Assembly Member Wagner Pushes (Again) for ER in Superior Courts
Having failed in the spring of 2011 to get his bill to pass that would have phased in ER in California’s Superior Courts, Assembly Member Donald P. Wagner (R) returns two years later with the exact same bill.
Wagner’s bill seeks to “implement electronic recording in 20% of all superior court courtrooms” at a minimum and provides for an additional 20% phase-in annually thereafter.
The following text regarding the bill was taken from the legislative counsel’s digest.
AB 251, as introduced, Wagner. Electronic court reporting. Existing law authorizes a court to use electronic recording equipment in a limited civil case, a misdemeanor or infraction case, or for the internal purpose of monitoring judicial officer performance. Existing law requires a court to obtain advance approval from the Judicial Council prior to purchasing equipment. Existing law also requires each superior court to report semiannually to the Judicial Council, and the Judicial Council to report semiannually to the Legislature, regarding all purchases and leases of electronic recording equipment that will be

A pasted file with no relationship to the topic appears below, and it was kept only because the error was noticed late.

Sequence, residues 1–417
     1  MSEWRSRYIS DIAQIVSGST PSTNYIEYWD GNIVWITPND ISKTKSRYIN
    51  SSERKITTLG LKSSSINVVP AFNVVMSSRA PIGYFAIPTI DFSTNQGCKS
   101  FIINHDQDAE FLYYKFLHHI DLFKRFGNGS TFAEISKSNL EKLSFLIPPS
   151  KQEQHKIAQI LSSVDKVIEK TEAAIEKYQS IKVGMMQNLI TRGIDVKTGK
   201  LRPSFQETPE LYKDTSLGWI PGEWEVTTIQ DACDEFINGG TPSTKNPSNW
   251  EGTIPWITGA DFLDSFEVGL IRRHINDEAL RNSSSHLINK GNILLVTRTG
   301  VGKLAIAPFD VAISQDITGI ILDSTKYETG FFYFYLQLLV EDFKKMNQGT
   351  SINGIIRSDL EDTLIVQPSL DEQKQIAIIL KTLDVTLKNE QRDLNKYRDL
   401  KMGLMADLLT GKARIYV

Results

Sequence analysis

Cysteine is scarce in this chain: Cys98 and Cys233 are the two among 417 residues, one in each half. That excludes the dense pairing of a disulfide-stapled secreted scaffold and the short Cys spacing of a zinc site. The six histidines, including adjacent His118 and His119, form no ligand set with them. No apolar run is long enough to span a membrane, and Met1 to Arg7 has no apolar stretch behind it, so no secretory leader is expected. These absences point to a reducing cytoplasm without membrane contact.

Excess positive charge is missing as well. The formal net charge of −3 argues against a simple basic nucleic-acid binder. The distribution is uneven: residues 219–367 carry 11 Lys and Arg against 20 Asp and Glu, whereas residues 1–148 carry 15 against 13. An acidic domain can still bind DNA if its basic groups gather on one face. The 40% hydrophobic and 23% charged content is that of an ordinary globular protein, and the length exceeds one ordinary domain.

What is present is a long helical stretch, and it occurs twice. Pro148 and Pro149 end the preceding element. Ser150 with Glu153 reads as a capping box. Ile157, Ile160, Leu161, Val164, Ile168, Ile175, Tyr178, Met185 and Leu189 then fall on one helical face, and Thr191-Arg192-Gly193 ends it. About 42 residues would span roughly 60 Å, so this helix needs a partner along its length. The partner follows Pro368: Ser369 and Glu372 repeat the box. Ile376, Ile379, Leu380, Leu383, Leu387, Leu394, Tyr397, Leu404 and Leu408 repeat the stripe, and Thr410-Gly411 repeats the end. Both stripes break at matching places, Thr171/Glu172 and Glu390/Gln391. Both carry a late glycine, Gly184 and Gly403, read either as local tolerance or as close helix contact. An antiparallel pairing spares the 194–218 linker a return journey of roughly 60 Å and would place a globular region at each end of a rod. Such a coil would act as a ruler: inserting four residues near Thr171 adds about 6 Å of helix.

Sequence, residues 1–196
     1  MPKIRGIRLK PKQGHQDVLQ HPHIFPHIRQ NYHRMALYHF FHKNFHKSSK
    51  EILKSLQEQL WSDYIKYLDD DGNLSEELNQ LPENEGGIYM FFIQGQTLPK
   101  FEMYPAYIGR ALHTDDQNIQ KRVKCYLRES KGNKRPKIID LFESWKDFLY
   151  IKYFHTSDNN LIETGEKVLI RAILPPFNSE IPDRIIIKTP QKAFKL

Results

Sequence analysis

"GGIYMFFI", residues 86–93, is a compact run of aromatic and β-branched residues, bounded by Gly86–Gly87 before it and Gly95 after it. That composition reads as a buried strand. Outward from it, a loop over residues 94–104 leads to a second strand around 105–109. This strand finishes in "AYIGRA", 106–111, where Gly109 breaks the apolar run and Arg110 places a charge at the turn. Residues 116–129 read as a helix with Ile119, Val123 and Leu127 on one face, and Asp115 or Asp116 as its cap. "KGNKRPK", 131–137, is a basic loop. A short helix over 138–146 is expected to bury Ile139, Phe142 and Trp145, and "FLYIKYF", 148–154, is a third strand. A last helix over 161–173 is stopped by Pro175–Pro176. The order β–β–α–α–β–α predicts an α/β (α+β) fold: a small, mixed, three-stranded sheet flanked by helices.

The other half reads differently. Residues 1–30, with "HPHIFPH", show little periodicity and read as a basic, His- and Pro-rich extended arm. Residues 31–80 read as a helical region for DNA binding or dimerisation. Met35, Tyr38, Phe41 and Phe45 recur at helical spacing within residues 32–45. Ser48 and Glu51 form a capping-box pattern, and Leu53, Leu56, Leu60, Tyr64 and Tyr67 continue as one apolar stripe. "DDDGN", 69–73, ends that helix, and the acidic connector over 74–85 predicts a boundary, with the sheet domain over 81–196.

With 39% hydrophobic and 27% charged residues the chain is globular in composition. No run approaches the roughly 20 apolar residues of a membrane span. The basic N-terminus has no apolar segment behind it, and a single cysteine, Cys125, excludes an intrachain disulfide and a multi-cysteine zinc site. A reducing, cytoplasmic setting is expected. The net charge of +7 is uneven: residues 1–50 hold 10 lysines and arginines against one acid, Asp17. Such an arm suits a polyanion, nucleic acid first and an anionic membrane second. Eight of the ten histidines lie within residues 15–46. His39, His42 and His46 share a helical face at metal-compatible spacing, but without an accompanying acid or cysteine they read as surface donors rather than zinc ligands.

used to record superior court proceedings.
This bill would instead require the Judicial Council, by July 1, 2014, to implement electronic court reporting in 20% of all superior court courtrooms, and to implement electronic reporting in at least an additional 20% of all superior court courtrooms annually thereafter. This bill would also require the Judicial Council to report to the Governor and the Legislature on the efforts undertaken to implement electronic court reporting, as provided, by January 1, 2016. The provisions of the bill would not apply to felony cases.
COCRA’s legislative advocate, Shane Gusman of Broad & Gusman, Sacramento, is currently monitoring the situation and will be filing an official opposition to both bills.
COCRA representatives will be providing the latest Preserving Access to Justice Task Force report to the legislators and will also continue to work with all parties involved in the fight to protect the court reporting profession, and more importantly, protect the public’s access to justice.
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